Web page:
A fast, engaging, and high-performing mobile website has never been so critical to success for publishers. While achieving a website of this quality can be tough, the redesign process represents a perfect opportunity for you to not only reassess how your mobile website looks, but also how it is built and behaves for your readers.
This redesign process can certainly be daunting, which is why this guide is here to offer you advice and key resources. It will explore exactly why mobile is so critical, and then break apart the redesign process into manageable chunks to help you strategize and achieve mobile success in 2018 and beyond.
Why mobile is critical
2018’s landmark SEO event is going to be mobile-first indexing. Its origins lie back in November 2016, when mobile browsing overtook desktop browsing. That very same month, Google announced its mobile-first indexing initiative in this Webmaster blog post. Now that nearly 60% of Google searches come from mobile devices, this year the search giant is going to make a big shift towards implementing mobile-first indexing.
This shift means that it is the mobile websites of publishers that are going to be indexed and determine the rank that its pages achieve within search engine results pages. What’s more, Google announced in January this year that page speed is going to be a ranking factor for mobile websites.
Together, these two news items really underscore why an engaging and high-performing mobile website are going to be critical to success. But it’s not just about satisfying algorithms and search engines: 53% of mobile users abandon sites that take longer than 3 seconds to load. As users we have quickly grown close to our mobile devices and expect speedy experiences that reflect the convenience of the devices themselves.
Let’s take a look at how the redesign process can help you to make important steps towards creating an amazing mobile website.
Seven key steps to redesigning your mobile website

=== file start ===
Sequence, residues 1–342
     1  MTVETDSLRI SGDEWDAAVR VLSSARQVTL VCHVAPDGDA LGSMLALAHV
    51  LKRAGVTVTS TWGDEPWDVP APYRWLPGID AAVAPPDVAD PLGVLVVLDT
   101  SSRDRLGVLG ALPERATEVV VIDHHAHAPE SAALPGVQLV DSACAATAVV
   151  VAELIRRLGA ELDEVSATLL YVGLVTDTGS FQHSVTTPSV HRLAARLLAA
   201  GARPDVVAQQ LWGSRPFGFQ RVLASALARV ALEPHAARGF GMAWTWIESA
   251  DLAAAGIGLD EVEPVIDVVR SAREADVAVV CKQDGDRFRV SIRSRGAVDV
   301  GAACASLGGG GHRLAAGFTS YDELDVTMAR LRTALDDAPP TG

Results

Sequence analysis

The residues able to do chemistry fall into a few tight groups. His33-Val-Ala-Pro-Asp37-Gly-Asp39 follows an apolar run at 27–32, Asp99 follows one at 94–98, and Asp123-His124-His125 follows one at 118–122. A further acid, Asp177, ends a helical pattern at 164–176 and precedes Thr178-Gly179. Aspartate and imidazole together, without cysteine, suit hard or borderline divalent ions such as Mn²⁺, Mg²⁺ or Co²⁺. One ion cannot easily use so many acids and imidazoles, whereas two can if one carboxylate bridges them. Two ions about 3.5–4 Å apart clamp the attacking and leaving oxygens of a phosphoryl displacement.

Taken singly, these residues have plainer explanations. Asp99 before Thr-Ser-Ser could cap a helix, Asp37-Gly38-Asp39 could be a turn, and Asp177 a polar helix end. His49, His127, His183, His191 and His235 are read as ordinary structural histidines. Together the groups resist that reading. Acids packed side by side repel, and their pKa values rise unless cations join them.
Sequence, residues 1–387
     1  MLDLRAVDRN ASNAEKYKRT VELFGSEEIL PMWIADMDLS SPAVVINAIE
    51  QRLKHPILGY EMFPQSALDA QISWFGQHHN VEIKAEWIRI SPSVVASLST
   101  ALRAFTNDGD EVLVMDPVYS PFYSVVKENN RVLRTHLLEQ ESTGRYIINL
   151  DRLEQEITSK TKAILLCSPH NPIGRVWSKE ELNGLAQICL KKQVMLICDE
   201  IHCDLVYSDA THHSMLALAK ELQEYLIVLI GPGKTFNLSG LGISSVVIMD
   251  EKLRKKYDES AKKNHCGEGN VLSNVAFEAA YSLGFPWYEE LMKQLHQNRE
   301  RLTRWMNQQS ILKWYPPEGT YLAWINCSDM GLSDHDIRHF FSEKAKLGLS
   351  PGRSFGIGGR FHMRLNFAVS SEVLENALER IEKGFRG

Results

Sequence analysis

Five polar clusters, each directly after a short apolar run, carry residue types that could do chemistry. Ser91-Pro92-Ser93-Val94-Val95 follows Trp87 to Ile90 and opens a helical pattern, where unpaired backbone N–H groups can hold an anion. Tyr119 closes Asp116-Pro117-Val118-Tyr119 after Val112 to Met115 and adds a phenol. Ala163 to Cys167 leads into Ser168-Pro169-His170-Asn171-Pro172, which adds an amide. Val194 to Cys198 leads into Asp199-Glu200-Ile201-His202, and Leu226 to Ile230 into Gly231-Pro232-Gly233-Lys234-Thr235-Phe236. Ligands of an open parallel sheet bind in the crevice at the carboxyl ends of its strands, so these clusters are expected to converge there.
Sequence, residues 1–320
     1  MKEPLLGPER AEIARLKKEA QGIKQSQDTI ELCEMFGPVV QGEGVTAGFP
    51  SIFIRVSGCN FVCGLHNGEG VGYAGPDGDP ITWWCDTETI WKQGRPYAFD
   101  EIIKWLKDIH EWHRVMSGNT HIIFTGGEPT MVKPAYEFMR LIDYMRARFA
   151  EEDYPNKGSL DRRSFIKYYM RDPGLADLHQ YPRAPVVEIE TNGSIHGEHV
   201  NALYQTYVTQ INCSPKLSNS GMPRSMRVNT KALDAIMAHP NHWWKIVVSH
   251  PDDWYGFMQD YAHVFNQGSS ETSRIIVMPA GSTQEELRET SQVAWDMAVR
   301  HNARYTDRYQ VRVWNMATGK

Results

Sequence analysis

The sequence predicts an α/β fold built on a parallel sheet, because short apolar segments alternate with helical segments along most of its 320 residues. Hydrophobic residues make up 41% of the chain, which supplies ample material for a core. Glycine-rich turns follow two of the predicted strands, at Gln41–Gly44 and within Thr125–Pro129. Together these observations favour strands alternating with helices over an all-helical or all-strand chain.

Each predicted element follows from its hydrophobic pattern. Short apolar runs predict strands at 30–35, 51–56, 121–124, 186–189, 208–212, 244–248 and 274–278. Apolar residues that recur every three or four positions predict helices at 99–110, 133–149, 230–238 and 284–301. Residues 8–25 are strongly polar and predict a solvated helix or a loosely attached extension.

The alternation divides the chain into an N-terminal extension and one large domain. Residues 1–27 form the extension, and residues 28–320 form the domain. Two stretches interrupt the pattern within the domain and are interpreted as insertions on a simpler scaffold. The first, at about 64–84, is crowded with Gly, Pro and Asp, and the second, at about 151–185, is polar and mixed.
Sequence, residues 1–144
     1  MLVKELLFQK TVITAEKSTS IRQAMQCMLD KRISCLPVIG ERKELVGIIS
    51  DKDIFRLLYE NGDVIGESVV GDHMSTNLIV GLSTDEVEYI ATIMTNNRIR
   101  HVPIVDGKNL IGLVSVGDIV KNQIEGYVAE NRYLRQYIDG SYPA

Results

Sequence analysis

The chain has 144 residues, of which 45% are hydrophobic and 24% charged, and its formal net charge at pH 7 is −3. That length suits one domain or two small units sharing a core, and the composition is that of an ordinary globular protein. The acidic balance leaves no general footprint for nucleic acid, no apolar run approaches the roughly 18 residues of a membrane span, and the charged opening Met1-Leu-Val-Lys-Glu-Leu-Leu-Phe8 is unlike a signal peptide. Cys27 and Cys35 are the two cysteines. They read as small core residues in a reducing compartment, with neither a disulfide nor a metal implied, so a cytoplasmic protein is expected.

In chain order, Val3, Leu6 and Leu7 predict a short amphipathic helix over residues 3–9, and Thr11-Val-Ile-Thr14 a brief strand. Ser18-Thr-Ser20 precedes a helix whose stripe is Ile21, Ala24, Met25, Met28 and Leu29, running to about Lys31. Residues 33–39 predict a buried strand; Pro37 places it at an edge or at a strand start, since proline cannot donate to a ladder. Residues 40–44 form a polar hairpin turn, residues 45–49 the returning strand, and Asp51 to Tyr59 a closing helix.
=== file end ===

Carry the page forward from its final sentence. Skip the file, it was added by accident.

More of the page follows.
1. Define your objectives
The key objectives for most publications are generally similar: increase readership, improve engagement with readers, and monetize that traffic. To achieve these objectives, however, publishers have to pull out all the stops to stand out from the crowd and engage with their audiences. We will take a look at the key techniques that publishers can use to put their publication ahead later in this post, but for now, let’s think about what your more specific objectives might be.
It is important to dig deep into all of the data available to you to find your specific goals. Whether that’s audience data from Google Analytics, monetization data from platforms like Marfeel Connect (which aggregates revenue streams to give publishers the ability to track performance in one dashboard), or anecdotal data from readers.
You should ask yourself “what exactly do I intend to achieve by conducting this redesign?”
For example, perhaps your existing mobile website performs poorly in terms of keeping readers engaged and therefore suffers from a high bounce rate. If you have identified this as an issue, you should dig deep into why that is happening. Could it be because of the navigation options that are available to your readers? Perhaps there are specific mobile design decisions you have made that are impacting your performance in this way.
Your list may look something like this:
In later steps, you will be able to consider design decisions that will help to resolve the causes of those issues. In this instance, for example, a publisher might want to rethink their use of lateral menus or navigation levels.
Find out exactly what you want to achieve by conducting the redesign will help you to frame other important decisions that you make throughout the redesign process.
2. Benchmark your current performance
As part of the first step, you will have considered the ways in which your mobile website can be improved. Naturally, by diving into the data, these issues that you have identified will be based on genuine insight.